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Toon Talk: Walt Disney Treasures: Behind the Scenes at the Walt Disney Studio
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by Kirby C. Holt (archives)
December 4, 2002
Kirby reviews Disney new Walt Disney Treasures DVD release Behind the Scenes at the Walt Disney Studio.

Toon Talk
Disney Film & Video Reviews by Kirby C. Holt

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(c) Disney

Walt Disney Treasures DVD:
Behind the Scenes at the Walt Disney Studio

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Purchase Behind the Scenes at the Walt Disney Studio

In Behind the Scenes at the Walt Disney Studio, another entry in the Walt Disney Treasures DVD series, host Leonard Maltin takes a look at a handful of early studio tour films and a trio of Disneyland episodes that focus on, as the title plainly states, behind the scenes looks at the Disney Studios.

This, out of all the Treasures sets, was obviously a labor of love for Maltin; he enthuses several times in his commentaries on how much he loved these Disneyland programs as a kid. And while the second disc, which showcases these episodes, offers the real treats, the first disc, based solely around the stagey Reluctant Dragon feature and two promotional shorts, makes one question if such a deluxe treatment of the subject was warranted.

Don’t get me wrong, a lot of this footage is great to see … so great, that a lot of it has been seen many times before in various ‘making of’ docs for the older features. In fact, the first program on disc 1, A Trip Through the Walt Disney Studios, has already been included, in its entirety, on last year’s Snow White and the Seven Dwarfs Platinum Edition DVD. To make matters worse, the third feature on disc 1, How Walt Disney Cartoons Are Made, is merely a very slightly re-worked version of A Trip (which was made for viewing by RKO Studio staffers only) that was released in theaters in 1938 to promote the upcoming release of Snow White. The inclusion of both of these seems to stretch the limits of the concept of completeness to its limits.

(To be fair, this version of A Trip does offer an alternate … and sometimes too fast to read … sub-title feature that identifies such legendary Disney artists as Norm Ferguson, Dave Hand, Ham Luske, Les Clark, Jimmy MacDonald, Frank Churchill and Leigh Harline.)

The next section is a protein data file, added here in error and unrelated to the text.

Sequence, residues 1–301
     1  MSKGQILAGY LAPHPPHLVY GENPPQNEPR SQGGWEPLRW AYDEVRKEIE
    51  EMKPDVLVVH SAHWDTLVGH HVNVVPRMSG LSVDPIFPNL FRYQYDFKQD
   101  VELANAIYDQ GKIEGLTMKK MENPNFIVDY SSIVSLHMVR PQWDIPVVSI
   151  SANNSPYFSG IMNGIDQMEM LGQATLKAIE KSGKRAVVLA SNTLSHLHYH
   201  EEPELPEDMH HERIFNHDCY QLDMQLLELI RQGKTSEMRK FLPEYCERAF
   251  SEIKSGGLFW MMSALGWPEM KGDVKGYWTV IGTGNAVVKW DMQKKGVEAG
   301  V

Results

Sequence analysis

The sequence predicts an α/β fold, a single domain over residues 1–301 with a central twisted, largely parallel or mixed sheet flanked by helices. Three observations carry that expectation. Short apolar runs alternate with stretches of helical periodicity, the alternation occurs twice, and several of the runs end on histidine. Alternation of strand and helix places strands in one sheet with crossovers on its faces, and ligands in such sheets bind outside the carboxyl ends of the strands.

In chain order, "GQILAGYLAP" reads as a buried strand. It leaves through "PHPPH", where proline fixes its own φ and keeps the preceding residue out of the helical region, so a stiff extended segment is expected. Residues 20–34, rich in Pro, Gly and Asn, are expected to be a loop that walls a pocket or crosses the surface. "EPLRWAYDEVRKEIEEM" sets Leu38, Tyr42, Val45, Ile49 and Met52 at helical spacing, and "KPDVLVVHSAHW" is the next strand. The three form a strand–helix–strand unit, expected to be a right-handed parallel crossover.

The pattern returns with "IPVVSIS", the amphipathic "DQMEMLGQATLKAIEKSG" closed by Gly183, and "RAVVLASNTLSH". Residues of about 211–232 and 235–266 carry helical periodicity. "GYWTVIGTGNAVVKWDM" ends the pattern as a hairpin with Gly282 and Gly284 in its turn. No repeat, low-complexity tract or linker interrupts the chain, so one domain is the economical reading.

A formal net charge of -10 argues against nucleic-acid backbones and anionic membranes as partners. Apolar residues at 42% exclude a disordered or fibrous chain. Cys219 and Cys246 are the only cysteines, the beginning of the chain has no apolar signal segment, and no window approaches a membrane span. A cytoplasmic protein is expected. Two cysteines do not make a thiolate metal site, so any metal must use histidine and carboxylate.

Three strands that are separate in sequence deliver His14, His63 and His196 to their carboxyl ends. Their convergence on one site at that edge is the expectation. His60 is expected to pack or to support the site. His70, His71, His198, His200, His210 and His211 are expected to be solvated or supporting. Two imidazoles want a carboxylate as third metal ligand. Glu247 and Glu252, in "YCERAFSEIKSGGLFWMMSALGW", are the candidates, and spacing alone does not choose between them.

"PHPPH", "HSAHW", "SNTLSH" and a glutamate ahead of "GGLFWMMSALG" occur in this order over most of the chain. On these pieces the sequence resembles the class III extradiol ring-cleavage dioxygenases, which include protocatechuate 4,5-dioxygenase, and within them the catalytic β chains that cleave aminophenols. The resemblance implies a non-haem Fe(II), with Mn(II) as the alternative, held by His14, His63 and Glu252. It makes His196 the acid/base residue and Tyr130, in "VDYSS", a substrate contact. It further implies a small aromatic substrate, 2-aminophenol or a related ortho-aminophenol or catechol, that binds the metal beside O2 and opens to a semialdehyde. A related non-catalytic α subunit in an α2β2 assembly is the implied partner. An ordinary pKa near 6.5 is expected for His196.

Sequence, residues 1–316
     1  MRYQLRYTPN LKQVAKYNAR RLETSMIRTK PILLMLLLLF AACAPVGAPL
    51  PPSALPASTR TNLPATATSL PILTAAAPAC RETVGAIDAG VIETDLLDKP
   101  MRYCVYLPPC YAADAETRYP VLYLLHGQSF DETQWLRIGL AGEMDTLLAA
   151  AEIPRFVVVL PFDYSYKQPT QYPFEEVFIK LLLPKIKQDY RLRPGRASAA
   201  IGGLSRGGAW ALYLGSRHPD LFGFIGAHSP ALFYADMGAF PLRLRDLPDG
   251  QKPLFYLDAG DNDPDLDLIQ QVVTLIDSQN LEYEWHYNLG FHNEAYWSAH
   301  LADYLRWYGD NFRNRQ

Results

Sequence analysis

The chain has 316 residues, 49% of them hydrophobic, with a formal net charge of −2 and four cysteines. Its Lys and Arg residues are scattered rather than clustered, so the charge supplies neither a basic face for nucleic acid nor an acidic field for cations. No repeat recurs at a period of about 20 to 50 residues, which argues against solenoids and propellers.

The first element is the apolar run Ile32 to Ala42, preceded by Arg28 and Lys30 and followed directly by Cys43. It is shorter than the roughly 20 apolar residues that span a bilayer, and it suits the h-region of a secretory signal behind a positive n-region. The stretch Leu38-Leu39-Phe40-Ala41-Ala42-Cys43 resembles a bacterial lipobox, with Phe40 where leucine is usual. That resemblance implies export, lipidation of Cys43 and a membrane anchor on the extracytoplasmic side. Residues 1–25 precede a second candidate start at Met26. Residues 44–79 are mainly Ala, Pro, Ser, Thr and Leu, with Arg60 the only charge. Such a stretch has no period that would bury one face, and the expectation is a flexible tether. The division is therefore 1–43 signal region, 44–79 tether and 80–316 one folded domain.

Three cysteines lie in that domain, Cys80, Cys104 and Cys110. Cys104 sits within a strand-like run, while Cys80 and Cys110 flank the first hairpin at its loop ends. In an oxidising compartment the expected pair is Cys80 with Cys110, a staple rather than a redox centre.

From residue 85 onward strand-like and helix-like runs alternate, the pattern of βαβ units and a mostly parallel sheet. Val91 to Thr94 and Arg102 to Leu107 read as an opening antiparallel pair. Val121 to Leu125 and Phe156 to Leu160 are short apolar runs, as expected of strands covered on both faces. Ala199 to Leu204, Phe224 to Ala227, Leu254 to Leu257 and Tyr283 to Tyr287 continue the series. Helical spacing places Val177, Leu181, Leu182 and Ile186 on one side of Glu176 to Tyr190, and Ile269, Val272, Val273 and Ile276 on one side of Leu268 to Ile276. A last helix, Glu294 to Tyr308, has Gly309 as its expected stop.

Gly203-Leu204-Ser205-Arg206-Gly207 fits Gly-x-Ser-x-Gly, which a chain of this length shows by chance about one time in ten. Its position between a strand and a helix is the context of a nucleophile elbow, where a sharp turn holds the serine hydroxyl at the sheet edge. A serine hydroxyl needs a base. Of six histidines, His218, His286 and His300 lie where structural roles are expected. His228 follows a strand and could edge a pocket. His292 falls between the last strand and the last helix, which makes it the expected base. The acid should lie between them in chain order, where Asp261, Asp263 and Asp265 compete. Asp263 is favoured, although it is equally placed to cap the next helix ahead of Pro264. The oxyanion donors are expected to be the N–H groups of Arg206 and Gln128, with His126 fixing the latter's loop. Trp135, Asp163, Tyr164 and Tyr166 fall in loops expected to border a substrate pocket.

Also odd is the elevation of The Reluctant Dragon to such a status; this slight feature was merely a stop-gap measure to increase the studios’ cash-flow during the early days of World War I. Even the makers of the film realized this at the time, including a de facto disclaimer in the opening credits: “Any resemblance to a regular motion picture is purely coincidental”.

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(c) Disney

A totally staged backstage tour of the then new Burbank lot, Dragon casts mostly actors (including a young Alan Ladd) in the roles of Disney Cast Members encountered by the mugging (and often overtly flirtatious) Robert Benchley, a humorist and character actor popular in that era, as he tries to track down Walt to sell him on the idea to turn the children's story of The Reluctant Dragon into an animated picture (don’t you love it in old movies when they call them “pictures”?). Along the way, Benchley stumbles his way through the various stages of an animated movie’s development, including an art class, a recording studio (meeting Clarence Nash and Florence Gill, a.k.a. the voices of Donald Duck and Clara Cluck), the sound effects lab, the camera department, the ink and paint room, a story conference (where he is the audience for the story pitch for a potential short, Baby Weems, seen only in storyboard), the animators’ office (a young Ward Kimball - the only one who could get away with wearing a red plaid shirt with a green striped tie - shows him the Goofy short, How To Ride a Horse) and eventually to the screening room, where he finally meets Walt, only to sit down and watch the cartoon version of … The Reluctant Dragon.

The film (which starts in black and white and then switches to Technicolor, ala The Wizard of Oz, for no apparent reason) does offer glimpses into the goings on at the Studio at the time … if your sharp-eyed: in the background, one can catch artwork for Dumbo, Bambi and even Peter Pan. Alas, the actual titular short is nothing special, featuring a foppish knight and a fey dragon in typical medieval mayhem. The whole enterprise, with its thick glossy sheen of Pixie Dust, is a precursor to the cheesy efforts of its ilk of today.

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